Matthew’s narrative of Jesus’s life shortly after his birth describes how precarious life can be, not only for Jesus, but for all humanity:

“13 Now when they had departed, behold, an angel of the Lord appeared to Joseph in a dream and said, ‘Rise, take the child and his mother, and flee to Egypt, and remain there until I tell you, for Herod is about to search for the child, to destroy him.’ 14 And he rose and took the child and his mother by night and departed to Egypt 15 and remained there until the death of Herod. This was to fulfill what the Lord had spoken by the prophet, ‘Out of Egypt I called my son.’ … 19 But when Herod died, behold, an angel of the Lord appeared in a dream to Joseph in Egypt, 20 saying, ‘Rise, take the child and his mother and go to the land of Israel, for those who sought the child’s life are dead.’ 21 And he rose and took the child and his mother and went to the land of Israel. 22 But when he heard that Archelaus was reigning over Judea in place of his father Herod, he was afraid to go there, and being warned in a dream he withdrew to the district of Galilee. 23 And he went and lived in a city called Nazareth, so that what was spoken by the prophets might be fulfilled, that he would be called a Nazarene’” (Matthew 2:13-15, 19-23).

At any given time, people in seemingly every corner of the world are fleeing for their lives. Some flee war, some persecution, some famine, some abusive family situations, some economic uncertainty, some natural disasters, some boredom, some adult responsibility, some marriage, some their surrounding reality, some church, and so forth. People flee by relocating physically, psychologically, emotionally, religiously, and … One often hears in the news about refugees seeking shelter in other countries or shelter in a safe home or …

Another type of flight makes the news but less often. For decades now, people have been fleeing the church. Many congregations, once thriving, are now struggling. People are gone. Programmes are gone. Pastors are gone. At one point, the decline of smaller congregations was attributed to poaching by larger, mega-church congregations. That phenomenon has, however, shown itself to be of limited duration. In North America, people are now fleeing the church in all its manifestations, a situation rampant even longer in Europe.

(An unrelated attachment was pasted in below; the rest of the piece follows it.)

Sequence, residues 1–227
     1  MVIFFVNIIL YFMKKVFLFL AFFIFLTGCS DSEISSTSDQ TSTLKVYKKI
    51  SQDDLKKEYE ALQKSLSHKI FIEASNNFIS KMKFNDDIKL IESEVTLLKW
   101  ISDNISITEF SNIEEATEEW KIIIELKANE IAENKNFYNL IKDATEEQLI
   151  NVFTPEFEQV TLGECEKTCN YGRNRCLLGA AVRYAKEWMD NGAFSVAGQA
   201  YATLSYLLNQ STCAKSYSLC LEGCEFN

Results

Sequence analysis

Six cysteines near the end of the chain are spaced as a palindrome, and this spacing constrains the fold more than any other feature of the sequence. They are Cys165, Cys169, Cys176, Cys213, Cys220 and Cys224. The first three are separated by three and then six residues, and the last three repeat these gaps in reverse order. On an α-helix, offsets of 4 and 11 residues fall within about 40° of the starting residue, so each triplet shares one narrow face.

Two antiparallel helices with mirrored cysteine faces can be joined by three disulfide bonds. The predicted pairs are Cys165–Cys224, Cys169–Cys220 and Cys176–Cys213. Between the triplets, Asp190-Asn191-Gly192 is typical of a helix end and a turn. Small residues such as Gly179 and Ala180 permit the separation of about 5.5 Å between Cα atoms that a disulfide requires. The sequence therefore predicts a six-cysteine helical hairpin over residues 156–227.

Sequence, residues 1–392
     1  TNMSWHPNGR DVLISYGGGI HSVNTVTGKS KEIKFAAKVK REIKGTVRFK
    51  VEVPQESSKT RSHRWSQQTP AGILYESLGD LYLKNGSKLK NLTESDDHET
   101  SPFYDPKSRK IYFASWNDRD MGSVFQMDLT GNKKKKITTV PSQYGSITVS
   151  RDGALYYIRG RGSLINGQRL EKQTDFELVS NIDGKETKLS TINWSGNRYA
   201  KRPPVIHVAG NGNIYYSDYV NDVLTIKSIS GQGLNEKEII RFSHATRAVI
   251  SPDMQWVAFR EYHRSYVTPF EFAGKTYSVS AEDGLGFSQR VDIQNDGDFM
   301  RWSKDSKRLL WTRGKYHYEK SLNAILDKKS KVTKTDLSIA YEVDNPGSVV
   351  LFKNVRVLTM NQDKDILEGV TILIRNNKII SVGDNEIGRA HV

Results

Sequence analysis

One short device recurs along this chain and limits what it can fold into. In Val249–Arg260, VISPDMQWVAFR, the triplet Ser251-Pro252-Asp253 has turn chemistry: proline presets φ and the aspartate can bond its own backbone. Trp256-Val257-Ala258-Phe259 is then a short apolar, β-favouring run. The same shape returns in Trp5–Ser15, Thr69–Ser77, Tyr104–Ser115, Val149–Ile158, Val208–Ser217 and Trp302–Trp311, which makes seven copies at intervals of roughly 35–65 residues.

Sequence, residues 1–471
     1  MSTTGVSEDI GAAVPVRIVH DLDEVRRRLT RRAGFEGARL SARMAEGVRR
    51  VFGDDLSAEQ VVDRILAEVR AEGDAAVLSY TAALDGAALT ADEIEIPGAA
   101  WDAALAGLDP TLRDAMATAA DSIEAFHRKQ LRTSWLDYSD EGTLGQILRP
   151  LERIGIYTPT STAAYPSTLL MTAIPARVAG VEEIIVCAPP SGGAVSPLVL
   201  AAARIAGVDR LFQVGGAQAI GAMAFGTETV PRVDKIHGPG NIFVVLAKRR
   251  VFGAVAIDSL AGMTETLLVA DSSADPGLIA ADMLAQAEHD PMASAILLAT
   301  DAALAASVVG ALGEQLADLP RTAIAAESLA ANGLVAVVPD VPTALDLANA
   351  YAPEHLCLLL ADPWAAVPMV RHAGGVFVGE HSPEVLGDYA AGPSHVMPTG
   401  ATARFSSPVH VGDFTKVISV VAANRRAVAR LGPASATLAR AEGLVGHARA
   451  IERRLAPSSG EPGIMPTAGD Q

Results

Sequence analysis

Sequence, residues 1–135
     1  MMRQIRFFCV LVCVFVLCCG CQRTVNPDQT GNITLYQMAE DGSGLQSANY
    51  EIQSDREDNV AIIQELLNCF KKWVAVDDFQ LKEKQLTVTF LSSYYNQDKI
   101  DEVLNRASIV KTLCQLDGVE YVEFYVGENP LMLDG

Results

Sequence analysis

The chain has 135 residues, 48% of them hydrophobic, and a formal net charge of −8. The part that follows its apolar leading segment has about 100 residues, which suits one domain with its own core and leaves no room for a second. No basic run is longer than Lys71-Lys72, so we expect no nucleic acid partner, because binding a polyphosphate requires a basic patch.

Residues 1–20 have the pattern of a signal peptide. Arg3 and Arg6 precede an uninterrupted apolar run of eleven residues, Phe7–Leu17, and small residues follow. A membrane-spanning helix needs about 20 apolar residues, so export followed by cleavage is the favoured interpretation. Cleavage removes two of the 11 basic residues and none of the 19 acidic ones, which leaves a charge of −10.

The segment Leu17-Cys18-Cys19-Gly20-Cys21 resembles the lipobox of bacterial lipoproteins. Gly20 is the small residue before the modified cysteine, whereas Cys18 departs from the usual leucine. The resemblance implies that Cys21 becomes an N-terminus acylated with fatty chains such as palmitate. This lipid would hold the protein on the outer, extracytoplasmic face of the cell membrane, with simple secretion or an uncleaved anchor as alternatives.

The Holy Family in Matthew’s account was fleeing a real and present danger, namely King Herod who wanted to kill the baby Jesus. Countless others throughout history were and are fleeing real and present dangers. So, why are people fleeing the church? Where is the real and present danger? The answer lies in Herod’s desire to kill Christ. Herod viewed the baby Jesus as a real and present danger and sought to take Jesus’s life to save his own.

While some consider Jesus to be a saviour, for others he is a danger. In actuality, Jesus is both a saviour and a danger to one and the same type of person, namely sinners. King Herod wanted Jesus dead because Jesus posed a threat to Herod’s sense of power and thus to his very life. Likewise, sinners of any day and age want Jesus (and his followers) dead, not just when he, but because he represents a power and reality which calls their lives into question.

Sinners who consider themselves (by sinful nature) to be their center of their worlds, reject (by sinful nature) any and every challenge to their self-declared rule over their lives and environs. Paradoxically, churches which seek their own fortunes at the expense of the gospel, while initially attracting onlookers, eventually begin to push Jesus and his cross out the door. Churches without a saviour are, however, already dead, but the retention of some membership, large or small, disguises this fact.